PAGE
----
Unity, probably the most universally debated DE in the GNU/Linux community; despised by some, yet absolutely loved by others. Unity was created by Canonical, the company behind Ubuntu, for Ubuntu. It’s possible to install Unity on other systems, but 99% of the users you see using Unity are running it with Ubuntu.
It’s also Ubuntu’s home interface on the pure Ubuntu flavour; there are many other editions of Ubuntu but if you’re installing the version from the main Ubuntu website, you’re getting Unity.
I’ve used Unity for all of about 15 minutes in my life, where as others swear by it, so let’s get right down to it so you can form your own opinions.
The machine I used for this has the following specs:
Ubuntu 16.04 64bit
Unity can’t really be customized as much as other Desktop Environments, however that’s not to say you can’t still make it attractive. By default, I think it’s not the worst thing I’ve ever seen (MATE default in my opinion takes the cake on that one), but it’s definitely not KDE gorgeous either. However, there are some beautiful themes out there like this one I discovered on DeviantArt.
So, there is the potential to theme Unity a fair amount. Thankfully the Appearance menu is quite straightforward and there are at least a decent little selection of wallpapers to choose from.
Much like Cinnamon, Unity doesn’t really have it’s own collection of software being that it is simply a distant fork of Gnome Shell, so it uses the GNOME software. Unity does however itself utilize a different approach in itself. Unity features a bar on the side of the screen that acts as a sort of dock and launcher. When you click the topmost button, it opens a search window where you can search your PC either by typing or by clicking around the interface to find your software, rather than through a traditional kicker menu.
This way of doing things is quite similar to the Gnome Shell way of doing things, but if I had to pick between the two I’d actually take the Unity style.
It seems more organized and easier to navigate in my own opinion. However, I REALLY don’t like that the software is simply grouped by “Installed” and not broken down into categories like other DE’s such as Cinnamon, MATE, Xfce, or LXDE etc do. It’s such a hassle to have to scroll down through a list of things searching for the application you want. Sure, you could just type and search for it, but in the spirit of clicking it’s an annoyance personally.
Unity is heavy. With Firefox open with a singular tab, and LibreOffice open, nothing else running I had Unity vary between 1.7GB at the lowest and 2.2GB of RAM usage, with a CPU utilization of 5% on average. While CPU wise that’s not terrible, that is a LOT of RAM to be used when you’re barely doing anything. I definitely wouldn’t recommend you use UNITY unless you are sitting on at least 6GB of RAM personally, just to make sure you don’t run into issues and having to rely heavily on Swap space (if you even included a swap partition in the install...)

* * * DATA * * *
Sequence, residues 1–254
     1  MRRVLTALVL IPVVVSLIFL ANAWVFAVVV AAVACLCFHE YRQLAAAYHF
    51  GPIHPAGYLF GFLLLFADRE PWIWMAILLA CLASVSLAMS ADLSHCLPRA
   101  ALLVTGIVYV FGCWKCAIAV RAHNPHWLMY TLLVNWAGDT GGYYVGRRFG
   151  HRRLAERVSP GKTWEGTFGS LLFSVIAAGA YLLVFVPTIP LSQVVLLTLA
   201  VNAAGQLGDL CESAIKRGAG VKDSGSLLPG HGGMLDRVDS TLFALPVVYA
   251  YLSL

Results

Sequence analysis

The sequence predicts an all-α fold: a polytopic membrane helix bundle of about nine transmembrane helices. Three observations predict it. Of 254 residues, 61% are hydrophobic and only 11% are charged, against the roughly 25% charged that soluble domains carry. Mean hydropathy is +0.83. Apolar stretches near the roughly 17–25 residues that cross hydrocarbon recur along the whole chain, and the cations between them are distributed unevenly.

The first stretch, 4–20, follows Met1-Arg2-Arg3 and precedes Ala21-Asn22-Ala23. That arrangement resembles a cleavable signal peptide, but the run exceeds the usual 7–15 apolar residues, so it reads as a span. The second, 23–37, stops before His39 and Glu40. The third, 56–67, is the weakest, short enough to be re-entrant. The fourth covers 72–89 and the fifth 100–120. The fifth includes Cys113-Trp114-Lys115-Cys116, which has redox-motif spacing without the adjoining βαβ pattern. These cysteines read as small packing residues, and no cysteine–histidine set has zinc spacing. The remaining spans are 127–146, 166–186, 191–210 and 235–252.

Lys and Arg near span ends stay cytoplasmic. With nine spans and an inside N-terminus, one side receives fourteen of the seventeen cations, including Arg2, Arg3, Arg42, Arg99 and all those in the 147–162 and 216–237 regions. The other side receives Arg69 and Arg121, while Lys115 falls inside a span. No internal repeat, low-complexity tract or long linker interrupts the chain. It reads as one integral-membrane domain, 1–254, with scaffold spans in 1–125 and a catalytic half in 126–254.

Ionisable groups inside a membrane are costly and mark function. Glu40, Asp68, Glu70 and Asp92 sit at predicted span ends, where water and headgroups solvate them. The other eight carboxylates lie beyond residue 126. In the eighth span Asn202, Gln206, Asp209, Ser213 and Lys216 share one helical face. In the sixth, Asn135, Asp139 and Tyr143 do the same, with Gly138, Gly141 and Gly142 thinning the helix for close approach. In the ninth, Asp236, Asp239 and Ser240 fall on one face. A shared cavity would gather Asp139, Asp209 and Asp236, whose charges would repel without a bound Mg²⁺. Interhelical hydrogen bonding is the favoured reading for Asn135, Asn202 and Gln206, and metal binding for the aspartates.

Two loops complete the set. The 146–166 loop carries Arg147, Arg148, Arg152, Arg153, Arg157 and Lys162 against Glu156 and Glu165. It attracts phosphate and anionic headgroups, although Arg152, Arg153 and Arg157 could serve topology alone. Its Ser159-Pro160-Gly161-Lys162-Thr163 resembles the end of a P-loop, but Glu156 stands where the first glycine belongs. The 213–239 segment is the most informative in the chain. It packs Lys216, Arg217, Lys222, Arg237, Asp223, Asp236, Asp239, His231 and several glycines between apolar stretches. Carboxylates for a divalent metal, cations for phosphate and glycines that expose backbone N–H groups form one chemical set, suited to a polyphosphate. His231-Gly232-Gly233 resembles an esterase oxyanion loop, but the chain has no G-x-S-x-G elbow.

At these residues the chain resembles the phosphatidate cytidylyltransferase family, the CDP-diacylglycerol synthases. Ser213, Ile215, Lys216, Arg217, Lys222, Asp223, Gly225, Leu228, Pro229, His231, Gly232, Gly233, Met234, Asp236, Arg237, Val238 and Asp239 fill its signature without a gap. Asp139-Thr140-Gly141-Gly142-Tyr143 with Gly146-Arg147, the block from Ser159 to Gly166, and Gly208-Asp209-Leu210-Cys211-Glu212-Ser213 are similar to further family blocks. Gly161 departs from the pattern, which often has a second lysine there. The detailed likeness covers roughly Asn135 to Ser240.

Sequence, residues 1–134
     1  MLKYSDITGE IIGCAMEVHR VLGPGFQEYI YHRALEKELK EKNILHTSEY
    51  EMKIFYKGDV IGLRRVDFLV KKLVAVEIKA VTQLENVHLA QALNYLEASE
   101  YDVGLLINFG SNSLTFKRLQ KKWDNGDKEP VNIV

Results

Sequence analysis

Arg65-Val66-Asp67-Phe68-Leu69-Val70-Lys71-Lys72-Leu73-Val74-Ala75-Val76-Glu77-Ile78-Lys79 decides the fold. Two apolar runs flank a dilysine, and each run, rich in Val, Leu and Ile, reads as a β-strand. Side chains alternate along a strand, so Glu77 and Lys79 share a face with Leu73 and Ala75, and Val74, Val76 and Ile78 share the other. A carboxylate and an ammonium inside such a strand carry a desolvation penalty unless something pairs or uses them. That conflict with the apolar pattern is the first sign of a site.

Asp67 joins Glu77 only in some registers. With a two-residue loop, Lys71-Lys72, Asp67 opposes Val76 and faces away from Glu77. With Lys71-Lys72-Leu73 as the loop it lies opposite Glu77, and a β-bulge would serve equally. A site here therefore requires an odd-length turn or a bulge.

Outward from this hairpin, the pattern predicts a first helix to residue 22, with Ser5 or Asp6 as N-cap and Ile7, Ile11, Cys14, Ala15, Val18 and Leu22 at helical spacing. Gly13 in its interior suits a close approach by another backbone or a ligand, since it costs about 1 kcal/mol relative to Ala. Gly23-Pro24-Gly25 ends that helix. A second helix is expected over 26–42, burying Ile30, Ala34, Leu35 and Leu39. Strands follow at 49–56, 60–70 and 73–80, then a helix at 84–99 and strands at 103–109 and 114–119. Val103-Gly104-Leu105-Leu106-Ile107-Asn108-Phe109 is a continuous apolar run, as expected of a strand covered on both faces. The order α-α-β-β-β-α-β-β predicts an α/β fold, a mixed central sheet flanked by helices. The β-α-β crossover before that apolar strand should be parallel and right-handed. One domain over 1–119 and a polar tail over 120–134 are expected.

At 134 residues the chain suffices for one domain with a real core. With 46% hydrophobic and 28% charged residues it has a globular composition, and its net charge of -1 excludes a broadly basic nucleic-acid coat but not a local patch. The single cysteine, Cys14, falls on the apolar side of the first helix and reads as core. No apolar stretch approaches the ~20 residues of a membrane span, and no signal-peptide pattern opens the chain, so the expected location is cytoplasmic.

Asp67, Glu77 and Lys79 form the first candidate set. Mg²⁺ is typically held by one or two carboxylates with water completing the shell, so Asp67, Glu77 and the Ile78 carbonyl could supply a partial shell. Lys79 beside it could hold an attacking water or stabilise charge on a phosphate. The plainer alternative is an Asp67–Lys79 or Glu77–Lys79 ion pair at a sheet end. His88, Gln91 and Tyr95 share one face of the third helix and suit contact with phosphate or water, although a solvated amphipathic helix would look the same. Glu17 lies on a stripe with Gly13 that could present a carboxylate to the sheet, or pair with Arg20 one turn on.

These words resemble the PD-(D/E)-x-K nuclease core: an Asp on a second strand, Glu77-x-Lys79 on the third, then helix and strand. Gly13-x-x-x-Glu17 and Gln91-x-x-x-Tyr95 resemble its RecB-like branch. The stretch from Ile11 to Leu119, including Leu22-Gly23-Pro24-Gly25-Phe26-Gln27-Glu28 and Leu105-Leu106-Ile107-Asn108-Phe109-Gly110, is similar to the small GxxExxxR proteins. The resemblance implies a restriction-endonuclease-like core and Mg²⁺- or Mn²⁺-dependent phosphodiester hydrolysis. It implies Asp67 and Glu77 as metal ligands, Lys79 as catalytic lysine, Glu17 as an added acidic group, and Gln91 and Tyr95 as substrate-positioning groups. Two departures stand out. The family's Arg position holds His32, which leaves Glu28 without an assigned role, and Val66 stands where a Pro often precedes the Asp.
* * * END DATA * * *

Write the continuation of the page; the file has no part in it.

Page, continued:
Unity would be likely useful for touchscreens (I played around with it a little bit using my touchscreen and it seemed decent), or for those of you who enjoy a tablet-like interface; but I personally am not a fan. I’m not going to hate on it, I can see how it would appeal to some users; I know users who absolutely adore it.
I really didn’t like how RAM heavy the system was by default though, I hadn’t even installed any software in the system, but usually I have Firefox with multiple tabs, at least one terminal window doing something, sometimes three or four with one or two connected to servers I own, Spotify with music going etc...I imagine Unity would crush any machine that was underpowered if you used it like I usually use my systems.
However, if you have the specs to handle it, then by all means have at it!
What about you? What’s your view on Unity? What DE do you use? More clicky clicky overviews to come! If you are interested
Advertising revenue is falling fast across the Internet, and independently-run sites like Ghacks are hit hardest by it. The advertising model in its current form is coming to an end, and we have to find other ways to continue operating this site.
We are committed to keeping our content free and independent, which means no paywalls, no sponsored posts, no annoying ad formats (video ads) or subscription fees.
If you like our content, and would like to help, please consider making a contribution:
Ghacks is a technology news blog that was founded in 2005 by Martin Brinkmann. It has since then become one of the most popular tech news sites on the Internet with five authors and regular contributions from freelance writers.